10 September 2008

give me a break, okay?

I've been reading a discussion on an email list that I belong to that I find...well...tedious.

The discussion revolves around what size a piece of fiber art should be in order to be labeled as an art quilt. Some say that if its small (meaning under 20"), then its an experiment and has no place in the art quilt world and, therefore, in an exhibit.

So now we've gone from trying to defend the idea that even though these works are quilts, they are more art and not traditional bed quilts to trying to dictate what size something has to be to be worthy of being labeled as art.

It would seem to me that some people spend an inordinate amount of time trying to classify things and make sure that there are a set of rules that suit them. I'm particularly frustrated by this conversation because I don't work in a large format - so apparently, to some people, I should not have a place in exhibits.


Maybe someone should let all those jurors who accepted me into numerous shows know that.

I consider myself extremely lucky to have a studio space. But even with that, the idea of working on large pieces (in the 50" range and up) is just totally unrealistic. As is the idea that I could compete with artists who have purchased $15k longarm sewing machines.

I do what I do because my space dictates it. I do what I do because I still enjoy stitching by hand, even though I often catch a lot of flack from people over this. I do what I do because I like smaller works that feel more intimate and draw people in. And I don't think I should have to defend that to anyone, especially to someone working in the same media as me.

I guess the recurring conversation of trying to define what is art is so tiring. I don't understand why anyone needs a definition.

So why don't we try this? Why don't we all just go make things and be happy and fill the world with artwork and not worry about what other people are doing?

Might be a novel concept.


Angie in AZ said...

I'm totally with you. I hate working on anything big! Crib size is about the biggest I'd consider but 12 inches is great for me... or even smaller. Not only space dictates but time. With smaller pieces, I can actually finish something while my busy life keeps me running!

Joan said...

There should be no RULES in art!!!

Sidney said...

Anyone who says smaller works are not art has never seen anything you made! I am always amazed at the amount of beauty and message that you can fit into a smaller piece. Many times, the larger pieces are so overwhelming and busy that the message is lost.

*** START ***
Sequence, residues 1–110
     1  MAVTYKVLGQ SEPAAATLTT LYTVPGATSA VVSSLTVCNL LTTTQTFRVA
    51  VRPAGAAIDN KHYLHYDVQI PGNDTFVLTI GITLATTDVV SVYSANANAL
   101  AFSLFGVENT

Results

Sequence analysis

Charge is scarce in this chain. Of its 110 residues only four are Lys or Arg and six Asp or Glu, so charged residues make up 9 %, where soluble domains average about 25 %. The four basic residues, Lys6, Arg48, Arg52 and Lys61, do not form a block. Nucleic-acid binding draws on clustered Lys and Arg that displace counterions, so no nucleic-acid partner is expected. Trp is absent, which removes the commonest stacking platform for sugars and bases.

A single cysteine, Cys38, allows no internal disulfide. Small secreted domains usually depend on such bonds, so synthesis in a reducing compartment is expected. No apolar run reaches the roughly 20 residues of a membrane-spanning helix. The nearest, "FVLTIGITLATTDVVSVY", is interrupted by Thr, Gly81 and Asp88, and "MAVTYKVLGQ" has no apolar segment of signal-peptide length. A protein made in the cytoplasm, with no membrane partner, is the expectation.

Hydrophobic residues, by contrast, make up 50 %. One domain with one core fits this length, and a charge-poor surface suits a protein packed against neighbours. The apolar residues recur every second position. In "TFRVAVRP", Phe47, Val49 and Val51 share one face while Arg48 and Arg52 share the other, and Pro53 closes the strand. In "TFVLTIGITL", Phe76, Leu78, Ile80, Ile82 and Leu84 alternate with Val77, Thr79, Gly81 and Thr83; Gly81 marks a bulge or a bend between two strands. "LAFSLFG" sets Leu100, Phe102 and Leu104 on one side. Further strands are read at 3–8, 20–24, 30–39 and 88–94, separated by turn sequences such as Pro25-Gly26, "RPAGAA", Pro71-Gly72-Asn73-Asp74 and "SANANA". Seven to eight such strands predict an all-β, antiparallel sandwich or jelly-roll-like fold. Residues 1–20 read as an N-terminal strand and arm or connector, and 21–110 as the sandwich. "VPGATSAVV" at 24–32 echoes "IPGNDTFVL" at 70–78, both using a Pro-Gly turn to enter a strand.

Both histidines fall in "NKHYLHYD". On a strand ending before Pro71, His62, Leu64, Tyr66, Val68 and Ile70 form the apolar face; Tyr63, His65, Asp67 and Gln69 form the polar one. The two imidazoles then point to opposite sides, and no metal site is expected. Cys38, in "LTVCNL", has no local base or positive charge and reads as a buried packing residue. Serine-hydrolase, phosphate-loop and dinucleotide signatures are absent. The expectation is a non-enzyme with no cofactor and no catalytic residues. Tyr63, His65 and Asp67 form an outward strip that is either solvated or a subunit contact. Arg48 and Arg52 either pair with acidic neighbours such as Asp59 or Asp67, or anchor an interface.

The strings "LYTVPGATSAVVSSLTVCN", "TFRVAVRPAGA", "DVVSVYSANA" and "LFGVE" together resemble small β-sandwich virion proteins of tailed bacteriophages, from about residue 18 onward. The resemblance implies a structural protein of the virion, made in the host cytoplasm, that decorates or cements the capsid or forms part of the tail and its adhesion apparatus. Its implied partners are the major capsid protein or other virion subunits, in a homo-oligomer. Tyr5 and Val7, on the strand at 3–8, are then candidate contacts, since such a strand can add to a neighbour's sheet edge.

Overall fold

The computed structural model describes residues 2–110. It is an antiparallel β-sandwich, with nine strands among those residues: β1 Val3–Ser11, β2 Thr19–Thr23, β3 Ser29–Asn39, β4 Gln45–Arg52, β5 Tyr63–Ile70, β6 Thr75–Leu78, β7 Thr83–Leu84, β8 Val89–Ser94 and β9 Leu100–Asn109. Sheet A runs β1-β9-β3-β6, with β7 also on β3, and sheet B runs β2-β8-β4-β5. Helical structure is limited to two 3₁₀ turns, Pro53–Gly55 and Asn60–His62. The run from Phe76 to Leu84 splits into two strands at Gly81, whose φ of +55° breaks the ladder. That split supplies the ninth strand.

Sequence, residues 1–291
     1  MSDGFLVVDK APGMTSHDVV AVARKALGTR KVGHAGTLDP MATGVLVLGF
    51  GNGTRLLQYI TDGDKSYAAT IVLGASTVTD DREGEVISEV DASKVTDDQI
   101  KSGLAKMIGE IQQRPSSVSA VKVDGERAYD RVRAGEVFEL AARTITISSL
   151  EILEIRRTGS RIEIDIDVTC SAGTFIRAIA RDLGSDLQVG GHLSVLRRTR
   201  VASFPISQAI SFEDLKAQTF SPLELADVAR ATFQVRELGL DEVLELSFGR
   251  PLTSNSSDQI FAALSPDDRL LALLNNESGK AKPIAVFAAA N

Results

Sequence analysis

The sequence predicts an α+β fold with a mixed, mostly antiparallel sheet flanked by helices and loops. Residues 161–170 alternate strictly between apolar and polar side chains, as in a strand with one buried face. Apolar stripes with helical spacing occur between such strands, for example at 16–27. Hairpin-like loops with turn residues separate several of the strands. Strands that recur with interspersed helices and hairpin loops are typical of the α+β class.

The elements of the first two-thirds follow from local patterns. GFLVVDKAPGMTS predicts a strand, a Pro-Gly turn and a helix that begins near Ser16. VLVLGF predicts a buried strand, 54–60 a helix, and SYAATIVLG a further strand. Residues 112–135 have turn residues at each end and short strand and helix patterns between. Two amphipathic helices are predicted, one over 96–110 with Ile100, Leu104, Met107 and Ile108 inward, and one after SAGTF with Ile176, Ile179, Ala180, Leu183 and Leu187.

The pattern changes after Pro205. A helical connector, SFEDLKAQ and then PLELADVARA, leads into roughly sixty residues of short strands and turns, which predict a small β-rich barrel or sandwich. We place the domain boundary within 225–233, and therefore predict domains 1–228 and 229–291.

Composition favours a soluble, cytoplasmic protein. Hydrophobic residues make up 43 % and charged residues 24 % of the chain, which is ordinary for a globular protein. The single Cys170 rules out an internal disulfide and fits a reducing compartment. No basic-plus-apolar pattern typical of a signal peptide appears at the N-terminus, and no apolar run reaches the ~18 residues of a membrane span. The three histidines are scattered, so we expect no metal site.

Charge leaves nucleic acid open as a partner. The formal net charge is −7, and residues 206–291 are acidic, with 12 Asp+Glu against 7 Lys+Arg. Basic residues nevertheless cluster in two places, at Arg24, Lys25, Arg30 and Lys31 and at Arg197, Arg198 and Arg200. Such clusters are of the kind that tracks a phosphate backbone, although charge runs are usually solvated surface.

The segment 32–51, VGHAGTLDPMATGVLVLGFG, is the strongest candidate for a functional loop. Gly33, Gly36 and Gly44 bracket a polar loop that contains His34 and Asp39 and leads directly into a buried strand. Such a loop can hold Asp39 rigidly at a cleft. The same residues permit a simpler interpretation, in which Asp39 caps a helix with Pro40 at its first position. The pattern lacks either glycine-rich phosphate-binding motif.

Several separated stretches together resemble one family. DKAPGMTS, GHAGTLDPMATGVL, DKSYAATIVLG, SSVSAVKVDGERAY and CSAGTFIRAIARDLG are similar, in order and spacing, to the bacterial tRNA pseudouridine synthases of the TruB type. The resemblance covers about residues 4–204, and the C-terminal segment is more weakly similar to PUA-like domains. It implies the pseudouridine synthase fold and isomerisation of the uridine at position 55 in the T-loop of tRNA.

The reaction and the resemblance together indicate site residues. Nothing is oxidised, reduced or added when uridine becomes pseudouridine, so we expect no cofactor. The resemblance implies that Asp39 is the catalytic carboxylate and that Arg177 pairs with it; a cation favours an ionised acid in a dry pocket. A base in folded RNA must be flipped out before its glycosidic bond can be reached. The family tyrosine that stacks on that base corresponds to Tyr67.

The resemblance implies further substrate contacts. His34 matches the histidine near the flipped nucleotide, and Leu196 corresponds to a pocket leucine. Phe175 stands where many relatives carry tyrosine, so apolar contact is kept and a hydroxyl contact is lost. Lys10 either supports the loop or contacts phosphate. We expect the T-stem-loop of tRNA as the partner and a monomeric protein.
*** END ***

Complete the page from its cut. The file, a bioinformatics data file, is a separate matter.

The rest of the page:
Judy said...

I'm with you 100% on that one Lynn!

Leann said...

I thought these silly arguments would have gone away by now. It was in 1917, long before even I was born, that Marcel Duchamp took a urinal, set it on it's back, signed it R. Mutt, and titled it "Fountain". Art is where you find it. If people find some pieces too small, they can turn away.

Yarnhog said...

Oh, I totally agree! Who's to say what's art and what isn't anyway? There is plenty of world-renowned "art" that looks like crap to me, and plenty of amateur fiddlings that I absolutely love. So what should I consider art? Why don't we all just enjoy what we enjoy and stop worrying about what to call it?

Anonymous said...

I have always been under the impression that QUILT is the process; layers quilted together. With that, it doesn't matter what the size is! tt

michele said...

There was a time when quilts constructed and/or quilted with sewing machines were rejected for not being hand stitched. It's time for closed minded people to be quiet and pout in their own tiny world. Progress opens up the world.

nkjohnston said...

OMG! That's like saying paintings have to be a certain size. Duh.

Apparently those having a problem with the definition having to do with size have never attended an art exhibit of quilts, the Chicago, Houston, or Paducah shows, etc., etc., etc.

Hmph! (Stamping foot)

TAS said...

Art like beauty is in the eye of the beholder. It has no limits, just emotion or lack of.

SplendiferousFiber said...

Gee, there are painted miniatures in art museums and nobody thinks they don't belong. Another example of art quilters who want to be taken seriously as artists sabotaging themselves with nitpicky unprofessional attitudes.

Diana said...

Art is a matter of interpretation. I belong to a group that makes ACEO/ATC. This stand for (Art Card Editions and Originals) are collectible art cards the size of standard trading cards, 2.5" x 3.5".

In 1999, some fellow introduced this art form on the internet and it became a movement known as ATC or Artist Trading Cards. Artists from all over the world began swapping artwork. ATCs also became very popular in art books and magazines, and contests and meets were set up around the globe. ATCs were also quite popular on eBay.

I have made quilts this size and have sold or traded with other Artists.

Artists or Fiberartists normally have an open mind and encourage your creativity. I certainly do! Continue creating your art any size that you want and it will be apprreciated.

Diana said...

There is also a group that makes OSWAO. What is OSWOA? OSWOA™ stands for "Original Small Works of Art". Each one is 4" x 6" and fits perfectly in a small photo album. You can make a complete collection of wonderful art and display it as a coffee table book! You can also frame them for beautiful paintings for your walls.

I have made quilts this size too. My medium is fabric and I have made ALL sizes.